[1988] The Accidental Tourist

 

This post will be in two parts within this block of text. I’ve decided to undergo a thought exercise: what can I parse about this movie based on the title? How right/wrong will I be after I watch it? What does it mean if I can or cannot guess at certain plot points before the fact? Does predictability mean anything?

The Accidental Tourist will play as a deterministic expose on what it means for a man to portend a comfortable existence in a stable environment. He will be a man of some importance, either to his place or to his cast of characters and an event – something – will call to attention what it means to stand for something of importance, taking into account the particular nature of this man’s relationship to his place, as I assume “tourist” means someone who is unfamiliar with a particular physical location. He will be “accidental” because this movie will demonstrate, through somewhat obvious technique, that our main character, the Tourist, will in fact be quite familiar with his place or places. The title will become more meaningful as a metaphor and the inexact science of balancing relationships with people and place will help shape the outcome of a man’s fate as he grows emotionally. The unfamiliar situation that constitutes “accidental” will, further, in his life become a representation of wantonness and loose-living that helps him form even stronger bonds.

I assume a love interest will play a huge role. Continue reading

[1986] Children Of A Lesser God

Thanks to the invention and acceptance of sign language, deafness is not a debilitating affliction.

As physical limitations go, those who cannot hear have quite a few methods to conquer communication: reading lips, writing notes, using sign language and in quite a few cases, actually speaking. Being deaf or hard of hearing alone can’t stop a determined person from achieving any goal a hearing person would have. In Children Of A Lesser God, a hearing, but sign-fluent, William Hurt takes up residence at a school for the deaf as a communications teacher; throughout the film, scenes show him attempting to teach his students to communicate, not only with each other, but also with hearing people, too. His goals are surface-valiant and his methods delightfully unconventional.  But when he meets Marlee Matlin, a beautiful, deaf custodian at the school, who signs whip-smart sass and hides a dormant intelligence, the audience gets a taste of emotional physics. It makes for compelling drama.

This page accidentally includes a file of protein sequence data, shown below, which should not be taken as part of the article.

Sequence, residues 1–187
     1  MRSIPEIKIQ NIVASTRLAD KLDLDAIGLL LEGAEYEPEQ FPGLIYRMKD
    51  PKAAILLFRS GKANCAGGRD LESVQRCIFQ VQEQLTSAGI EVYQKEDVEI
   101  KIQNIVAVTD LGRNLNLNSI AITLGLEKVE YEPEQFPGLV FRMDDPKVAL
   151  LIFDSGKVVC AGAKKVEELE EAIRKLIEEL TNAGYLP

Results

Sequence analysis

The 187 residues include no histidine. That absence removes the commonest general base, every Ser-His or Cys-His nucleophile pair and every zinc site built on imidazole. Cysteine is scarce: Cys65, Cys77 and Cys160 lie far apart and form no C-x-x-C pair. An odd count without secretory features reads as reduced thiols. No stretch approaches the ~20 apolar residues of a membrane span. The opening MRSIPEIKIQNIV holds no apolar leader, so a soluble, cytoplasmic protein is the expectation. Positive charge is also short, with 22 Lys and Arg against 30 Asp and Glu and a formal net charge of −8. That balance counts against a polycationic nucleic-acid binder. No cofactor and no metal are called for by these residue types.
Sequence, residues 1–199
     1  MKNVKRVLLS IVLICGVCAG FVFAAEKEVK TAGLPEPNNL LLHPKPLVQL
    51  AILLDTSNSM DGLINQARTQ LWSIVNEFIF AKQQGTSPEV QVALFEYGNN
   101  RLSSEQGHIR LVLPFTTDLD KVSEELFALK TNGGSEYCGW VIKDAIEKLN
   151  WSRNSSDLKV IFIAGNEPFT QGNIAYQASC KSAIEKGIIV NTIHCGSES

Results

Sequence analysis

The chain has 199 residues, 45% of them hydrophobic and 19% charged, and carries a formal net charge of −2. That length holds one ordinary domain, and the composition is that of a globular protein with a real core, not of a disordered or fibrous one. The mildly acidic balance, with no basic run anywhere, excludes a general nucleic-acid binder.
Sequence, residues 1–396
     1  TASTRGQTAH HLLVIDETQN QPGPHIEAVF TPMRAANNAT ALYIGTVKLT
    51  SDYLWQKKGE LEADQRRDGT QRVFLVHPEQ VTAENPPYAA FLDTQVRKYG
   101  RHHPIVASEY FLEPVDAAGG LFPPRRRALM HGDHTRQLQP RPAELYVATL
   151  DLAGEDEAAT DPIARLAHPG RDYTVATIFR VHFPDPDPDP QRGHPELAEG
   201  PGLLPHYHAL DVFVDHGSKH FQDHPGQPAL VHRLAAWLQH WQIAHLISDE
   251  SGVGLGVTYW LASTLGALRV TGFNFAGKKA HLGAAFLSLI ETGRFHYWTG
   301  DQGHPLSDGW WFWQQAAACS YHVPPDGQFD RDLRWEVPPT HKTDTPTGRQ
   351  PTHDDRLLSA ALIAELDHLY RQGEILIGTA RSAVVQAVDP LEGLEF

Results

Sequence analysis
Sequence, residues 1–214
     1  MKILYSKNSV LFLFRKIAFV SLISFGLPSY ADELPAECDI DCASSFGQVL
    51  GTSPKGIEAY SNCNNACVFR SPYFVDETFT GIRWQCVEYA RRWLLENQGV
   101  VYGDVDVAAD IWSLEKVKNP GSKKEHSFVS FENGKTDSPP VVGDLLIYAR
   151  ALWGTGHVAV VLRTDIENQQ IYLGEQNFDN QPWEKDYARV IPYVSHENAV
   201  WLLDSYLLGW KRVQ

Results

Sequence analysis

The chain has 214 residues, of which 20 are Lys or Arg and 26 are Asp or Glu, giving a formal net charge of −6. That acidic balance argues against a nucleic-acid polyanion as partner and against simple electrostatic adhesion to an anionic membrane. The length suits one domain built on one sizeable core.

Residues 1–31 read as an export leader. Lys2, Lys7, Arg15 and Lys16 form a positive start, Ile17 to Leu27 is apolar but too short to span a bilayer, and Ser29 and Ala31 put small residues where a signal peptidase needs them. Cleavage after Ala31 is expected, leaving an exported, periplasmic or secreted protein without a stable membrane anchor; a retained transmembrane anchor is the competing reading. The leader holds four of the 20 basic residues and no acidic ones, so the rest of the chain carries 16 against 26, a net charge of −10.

Nested within the drama lies the main conflict in Children Of A Lesser God. It’s Netwon’s First Law wrapped into a different mode:

Every object in a state of uniform motion tends to remain in that state of motion unless an external force is applied to it

Continue reading